Calls for the firing or resignation of Donald Rumsfeld are reaching 10 on the Richter scale this week after more public calls for him to step down from recently retired generals. Rumsfeld has weathered similar storms in the past after Abu Ghraib, the Iraqi insurgency, claims of poor planning in the leadup to the war, no 'plan B' in Iraq, the failure to capture Bin-Laden, etc. That said, the 'Decider-in-Chief' has shown nothing but seemingly incomprehensible loyalty to his Koan speaking Secretary of Defense.

During the Vietnam War, though Robert McNamara did serve for seven full years until 1968, there were five different Defense Secretaries, interestingly followed immediately by Rumsfeld himself in 1975. Including this 14 month tenure under Gerald Ford, if he manages to stay on until the end of Bush's term, Donald Rumsfeld will have served longer than any Secretary of Defense since World War II. Furthermore, if one includes the office of Secretary of War that became the Secretary of Defense in 1947, Rumsfeld will have served longer than any Secretary of War/Defense in the our country's entire history (from Wikipedia). Is it just me, or does this seem rather, shall we say, significant.

Now, if as of today Iraq was relatively peaceful with a well trained professional army instead of teetering on the brink of full blown civil war, if the U.S. casualty count in Iraq was a few hundred instead of a couple thousand and climbing, if the Taliban in Afghanistan were truly defeated, if Osama Bin-Laden had been captured and was standing trial (ideally in the Hague), if Abu Ghraib and the other torture controversies never happened, if the Pentagon hadn't been turned into Halliburton's personal piggy bank, if our soldiers had enough body armor and armored Humvees, etc, etc, I could understand the long tenure. Hell, if even a couple of these things were true today I could understand it. But they're not, and as has been said, Bush's 'Bubble' needs some more 'Air holes'. I truly believe that even if his approval ratings go to 1 percent and the Republicans lose control of both houses of Congress in November, Bush still wouldn't even so much as consider asking for Rumsfeld's pink slip.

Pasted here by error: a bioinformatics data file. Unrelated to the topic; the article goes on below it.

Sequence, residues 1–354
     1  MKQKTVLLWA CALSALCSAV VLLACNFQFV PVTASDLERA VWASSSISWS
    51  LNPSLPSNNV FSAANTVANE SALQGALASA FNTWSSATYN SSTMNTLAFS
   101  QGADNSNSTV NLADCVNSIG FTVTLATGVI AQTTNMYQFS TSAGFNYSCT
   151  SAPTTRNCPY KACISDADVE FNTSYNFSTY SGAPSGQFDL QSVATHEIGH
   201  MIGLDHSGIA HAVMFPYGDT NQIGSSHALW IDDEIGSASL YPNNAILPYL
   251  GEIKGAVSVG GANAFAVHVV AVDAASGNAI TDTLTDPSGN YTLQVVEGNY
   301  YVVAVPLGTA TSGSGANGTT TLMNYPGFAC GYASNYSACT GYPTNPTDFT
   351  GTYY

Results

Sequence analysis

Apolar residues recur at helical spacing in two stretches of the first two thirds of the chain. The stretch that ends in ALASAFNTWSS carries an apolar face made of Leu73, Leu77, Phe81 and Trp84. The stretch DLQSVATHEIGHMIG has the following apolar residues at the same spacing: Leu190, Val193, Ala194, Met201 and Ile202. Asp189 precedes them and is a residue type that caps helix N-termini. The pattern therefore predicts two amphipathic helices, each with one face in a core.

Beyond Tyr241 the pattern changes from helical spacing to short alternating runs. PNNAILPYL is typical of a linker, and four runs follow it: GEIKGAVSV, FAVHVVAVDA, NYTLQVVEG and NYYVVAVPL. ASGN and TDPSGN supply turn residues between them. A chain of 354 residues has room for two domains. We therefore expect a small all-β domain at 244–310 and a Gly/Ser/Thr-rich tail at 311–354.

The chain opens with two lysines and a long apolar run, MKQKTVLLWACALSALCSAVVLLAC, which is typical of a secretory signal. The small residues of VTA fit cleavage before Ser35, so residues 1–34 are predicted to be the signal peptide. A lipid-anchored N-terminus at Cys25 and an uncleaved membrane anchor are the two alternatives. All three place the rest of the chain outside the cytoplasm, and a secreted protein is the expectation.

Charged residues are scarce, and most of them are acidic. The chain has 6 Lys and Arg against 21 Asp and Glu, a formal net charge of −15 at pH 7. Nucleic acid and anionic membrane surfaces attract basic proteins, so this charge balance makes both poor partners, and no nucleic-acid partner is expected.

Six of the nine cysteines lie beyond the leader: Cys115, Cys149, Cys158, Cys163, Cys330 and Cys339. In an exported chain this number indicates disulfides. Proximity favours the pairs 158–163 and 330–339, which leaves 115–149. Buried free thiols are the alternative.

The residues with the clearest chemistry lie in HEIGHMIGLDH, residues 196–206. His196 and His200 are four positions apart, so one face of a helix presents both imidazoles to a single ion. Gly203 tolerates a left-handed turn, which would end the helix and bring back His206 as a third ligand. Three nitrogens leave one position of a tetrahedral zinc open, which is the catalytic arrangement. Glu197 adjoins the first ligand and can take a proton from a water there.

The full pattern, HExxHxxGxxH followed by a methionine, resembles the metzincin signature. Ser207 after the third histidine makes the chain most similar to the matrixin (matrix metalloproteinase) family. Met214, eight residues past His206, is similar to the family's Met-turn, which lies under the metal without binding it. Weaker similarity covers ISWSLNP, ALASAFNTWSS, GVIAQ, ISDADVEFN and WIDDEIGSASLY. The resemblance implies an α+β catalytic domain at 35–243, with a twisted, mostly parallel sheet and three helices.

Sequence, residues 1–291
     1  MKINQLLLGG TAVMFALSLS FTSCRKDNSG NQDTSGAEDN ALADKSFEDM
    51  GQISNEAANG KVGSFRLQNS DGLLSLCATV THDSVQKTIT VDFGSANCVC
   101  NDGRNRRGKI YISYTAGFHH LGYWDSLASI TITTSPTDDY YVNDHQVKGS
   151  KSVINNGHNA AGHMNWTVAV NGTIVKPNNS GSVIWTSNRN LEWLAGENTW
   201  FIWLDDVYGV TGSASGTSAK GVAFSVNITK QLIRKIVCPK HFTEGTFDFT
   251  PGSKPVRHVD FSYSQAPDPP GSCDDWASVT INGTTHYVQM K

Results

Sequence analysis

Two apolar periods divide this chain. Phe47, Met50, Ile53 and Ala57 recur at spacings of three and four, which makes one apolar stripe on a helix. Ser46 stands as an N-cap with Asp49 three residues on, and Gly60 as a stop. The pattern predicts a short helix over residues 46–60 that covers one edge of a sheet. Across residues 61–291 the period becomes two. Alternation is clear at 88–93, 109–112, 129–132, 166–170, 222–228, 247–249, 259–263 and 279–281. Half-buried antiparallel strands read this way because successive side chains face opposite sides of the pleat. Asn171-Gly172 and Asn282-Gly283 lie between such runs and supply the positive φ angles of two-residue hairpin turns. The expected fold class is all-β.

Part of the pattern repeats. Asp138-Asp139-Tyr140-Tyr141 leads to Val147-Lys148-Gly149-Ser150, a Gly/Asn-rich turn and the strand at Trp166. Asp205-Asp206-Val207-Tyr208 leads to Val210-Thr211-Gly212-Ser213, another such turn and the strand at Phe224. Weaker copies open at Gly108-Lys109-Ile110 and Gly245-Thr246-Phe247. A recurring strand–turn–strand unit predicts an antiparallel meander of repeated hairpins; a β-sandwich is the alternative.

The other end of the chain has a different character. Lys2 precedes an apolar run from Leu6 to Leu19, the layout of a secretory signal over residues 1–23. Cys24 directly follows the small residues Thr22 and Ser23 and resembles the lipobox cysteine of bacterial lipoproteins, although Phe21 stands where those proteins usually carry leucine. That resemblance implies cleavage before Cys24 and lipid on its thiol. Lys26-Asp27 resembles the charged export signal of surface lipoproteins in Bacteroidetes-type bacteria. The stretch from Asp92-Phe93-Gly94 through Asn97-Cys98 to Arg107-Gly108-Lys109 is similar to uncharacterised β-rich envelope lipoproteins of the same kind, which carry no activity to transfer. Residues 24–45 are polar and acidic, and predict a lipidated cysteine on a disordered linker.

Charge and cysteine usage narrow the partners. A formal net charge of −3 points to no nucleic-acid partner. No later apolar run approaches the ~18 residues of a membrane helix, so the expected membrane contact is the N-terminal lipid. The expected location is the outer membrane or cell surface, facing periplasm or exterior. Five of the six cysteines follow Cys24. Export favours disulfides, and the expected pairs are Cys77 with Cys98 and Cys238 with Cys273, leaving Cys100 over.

How long would Rumsfeld last in the board room of the other 'Donald'? About a nanosecond.

A Little Recent History...

Essay on 'The Contract with America'
(The following was published in 'Lit' magazine, February 1995 when Mikeweb was known as 'El Ciego')